Shaking hands with ourselves can calm our emotions and reduce stress, but how do we do that?
Last week I talked about Themis, the ancient goddess of reconciliation. When she was a member of the Greek pantheon, there were two words for soul.
Psyche, the soul of the breath, has come down to us in the concept of spirit. Thymos is the second soul, of the body, the blood, the emotions.
In the west, we have lost the concept of the body having soul. When we think of intelligence, we focus on the upper realms of mind. But for the Greeks, wisdom also emanated from the emotions or instincts. It is called the “blood-soul,” the mind of the body and is associated with the heart. We experience how our body speaks to us differently than the voice of transcendence from above.
The idea of two souls was known in Egypt, the individual ba and the ka or universal soul. The Chinese have the concept of yin and yang. Western antiquity had the Eros and Logos. These traditions honored the balance of complementary energies, male and female, electric and magnetic.
In the west, though, body and spirit became antagonists. (The spirit is willing, but the body is weak.) As reason dominated emotion, we lost the intelligence of the body. We disregarded messages from our bodies as “unscientific,” “illogical,” and the purview of fringe thinkers. Many suffer a mind/body split which contributes to the depression, anxiety, and stress illnesses so prevalent today.
Current physiological research is bridging the gap. Neurocardiology reveals that the heart is a vital organ of sensation. It codes and processes information within the autonomic nervous system. And it’s not alone.
There are many “little brains” in the body, clusters of neurons that regulate the functioning of the liver, stomach, kidneys, and intestines. Many correspond to the ancient eastern knowledge of the chakras, the energy centers of the light body.
When we express emotions, the heart has clear, rhythmic patterns. The experience of anger, frustration, and anxiety produces heart rhythms that are erratic and disordered. With emotions like appreciation, joy, love, compassion, the heart expresses an orderly or coherent pattern.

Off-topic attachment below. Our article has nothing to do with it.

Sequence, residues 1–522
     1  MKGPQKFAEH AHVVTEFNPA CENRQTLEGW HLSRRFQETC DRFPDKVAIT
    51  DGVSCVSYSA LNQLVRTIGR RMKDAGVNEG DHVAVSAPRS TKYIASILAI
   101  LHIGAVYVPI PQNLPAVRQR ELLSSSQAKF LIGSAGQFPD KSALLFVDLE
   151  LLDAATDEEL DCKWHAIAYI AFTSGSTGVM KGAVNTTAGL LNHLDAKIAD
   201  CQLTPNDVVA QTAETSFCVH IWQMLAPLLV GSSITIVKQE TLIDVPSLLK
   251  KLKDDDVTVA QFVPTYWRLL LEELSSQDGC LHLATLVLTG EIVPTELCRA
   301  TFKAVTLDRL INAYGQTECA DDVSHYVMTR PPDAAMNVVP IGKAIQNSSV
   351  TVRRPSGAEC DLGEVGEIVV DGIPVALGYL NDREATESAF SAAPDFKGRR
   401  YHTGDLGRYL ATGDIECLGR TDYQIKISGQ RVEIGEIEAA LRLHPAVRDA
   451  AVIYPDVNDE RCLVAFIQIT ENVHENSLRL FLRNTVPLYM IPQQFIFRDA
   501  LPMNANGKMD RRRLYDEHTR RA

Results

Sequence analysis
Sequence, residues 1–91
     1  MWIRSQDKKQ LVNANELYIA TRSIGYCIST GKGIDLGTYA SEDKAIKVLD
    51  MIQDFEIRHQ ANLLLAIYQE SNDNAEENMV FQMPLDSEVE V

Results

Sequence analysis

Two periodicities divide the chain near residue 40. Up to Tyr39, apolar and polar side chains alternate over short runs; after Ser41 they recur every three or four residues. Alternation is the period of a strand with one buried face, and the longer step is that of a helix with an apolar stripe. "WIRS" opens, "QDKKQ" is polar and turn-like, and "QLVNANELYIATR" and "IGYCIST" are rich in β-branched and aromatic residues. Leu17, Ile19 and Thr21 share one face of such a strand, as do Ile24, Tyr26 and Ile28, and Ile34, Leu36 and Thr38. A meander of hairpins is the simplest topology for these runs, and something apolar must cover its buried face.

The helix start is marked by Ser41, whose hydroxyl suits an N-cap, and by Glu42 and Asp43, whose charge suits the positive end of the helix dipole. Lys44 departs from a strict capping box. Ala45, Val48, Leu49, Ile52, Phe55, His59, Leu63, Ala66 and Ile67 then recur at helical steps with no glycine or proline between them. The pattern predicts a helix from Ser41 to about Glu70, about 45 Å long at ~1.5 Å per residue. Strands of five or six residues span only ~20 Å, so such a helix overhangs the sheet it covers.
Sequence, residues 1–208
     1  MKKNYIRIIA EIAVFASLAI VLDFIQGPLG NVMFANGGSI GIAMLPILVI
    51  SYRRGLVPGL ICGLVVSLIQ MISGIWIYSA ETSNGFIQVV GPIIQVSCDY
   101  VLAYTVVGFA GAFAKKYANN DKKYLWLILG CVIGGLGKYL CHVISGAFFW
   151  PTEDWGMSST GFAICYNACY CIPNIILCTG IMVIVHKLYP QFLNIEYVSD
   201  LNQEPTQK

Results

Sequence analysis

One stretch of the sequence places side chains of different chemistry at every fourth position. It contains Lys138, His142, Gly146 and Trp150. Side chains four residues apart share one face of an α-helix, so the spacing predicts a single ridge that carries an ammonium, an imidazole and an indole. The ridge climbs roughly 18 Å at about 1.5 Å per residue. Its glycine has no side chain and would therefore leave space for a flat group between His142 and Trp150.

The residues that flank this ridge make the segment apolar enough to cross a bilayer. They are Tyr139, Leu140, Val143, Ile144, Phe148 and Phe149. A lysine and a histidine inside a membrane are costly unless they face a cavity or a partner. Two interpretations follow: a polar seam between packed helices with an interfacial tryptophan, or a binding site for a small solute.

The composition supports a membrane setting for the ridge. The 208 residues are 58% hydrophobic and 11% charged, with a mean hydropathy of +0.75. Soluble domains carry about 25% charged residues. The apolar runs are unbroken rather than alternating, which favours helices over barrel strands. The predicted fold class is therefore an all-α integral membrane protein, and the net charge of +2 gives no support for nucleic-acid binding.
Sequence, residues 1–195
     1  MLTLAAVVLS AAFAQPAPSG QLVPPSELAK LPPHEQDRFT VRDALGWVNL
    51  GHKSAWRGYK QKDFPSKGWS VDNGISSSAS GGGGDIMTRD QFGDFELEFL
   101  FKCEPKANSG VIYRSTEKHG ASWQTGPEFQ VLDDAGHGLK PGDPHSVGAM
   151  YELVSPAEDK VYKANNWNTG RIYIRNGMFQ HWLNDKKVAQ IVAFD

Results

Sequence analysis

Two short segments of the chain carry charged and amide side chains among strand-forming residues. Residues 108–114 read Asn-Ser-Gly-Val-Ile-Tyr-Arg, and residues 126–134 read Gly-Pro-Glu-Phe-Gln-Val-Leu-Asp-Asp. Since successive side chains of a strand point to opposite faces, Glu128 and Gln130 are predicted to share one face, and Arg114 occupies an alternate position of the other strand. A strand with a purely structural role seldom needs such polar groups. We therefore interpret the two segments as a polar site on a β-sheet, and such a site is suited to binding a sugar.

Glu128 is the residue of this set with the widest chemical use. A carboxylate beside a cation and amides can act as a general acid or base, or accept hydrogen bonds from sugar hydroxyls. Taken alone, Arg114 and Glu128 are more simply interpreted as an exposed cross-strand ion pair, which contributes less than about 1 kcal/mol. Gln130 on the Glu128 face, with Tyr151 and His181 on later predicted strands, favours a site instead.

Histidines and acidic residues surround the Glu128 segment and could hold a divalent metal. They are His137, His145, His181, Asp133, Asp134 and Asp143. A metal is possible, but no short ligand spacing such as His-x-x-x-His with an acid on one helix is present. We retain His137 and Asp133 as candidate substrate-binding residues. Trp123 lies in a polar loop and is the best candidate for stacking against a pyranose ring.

We experience subjective coherence when we are in positive emotional states. We feel “together,” “in the flow,” “integrated.” This could be the working of Themis energy.
From this research, I learned that if we can appreciate the “negative” emotions and listen to their messages, the act of appreciation helps heal the mind/body split and allows the heart to serve its natural function of reconciliation.
In my life, I noticed that even though I accept the information my body offers, I often feel annoyed. Here we go again, is the thought that streaks through my mind.
With appreciation, I can release my judgment of emotions that are inconvenient or unpleasant and bring myself into a state of greater coherence, which feels a lot better.
So, the next time, you’re upset, angry, or frightened:
- Sit down in a quiet place
- Calm your mind
- Focus on your physical heart
- Gently breathe in and out as if the air is moving through your chest
- Imagine something you appreciate having—a person, an object, a state of being
- For a few minutes, breathe through your heart, staying focused on what you appreciate
This simple exercise will calm you, help you come out of judgment, and bring your disparate parts into resonance. From that place, you can decide what action, if any, is appropriate.
It’s simple. Shake hands with yourself in your heart.
Accessing our heart’s natural intelligence can create an energetic field of unconditional love and harmonious interactions – helping humanity to realize we are one Earth, one yard, one people.
Doc Childre, HeartMath Founder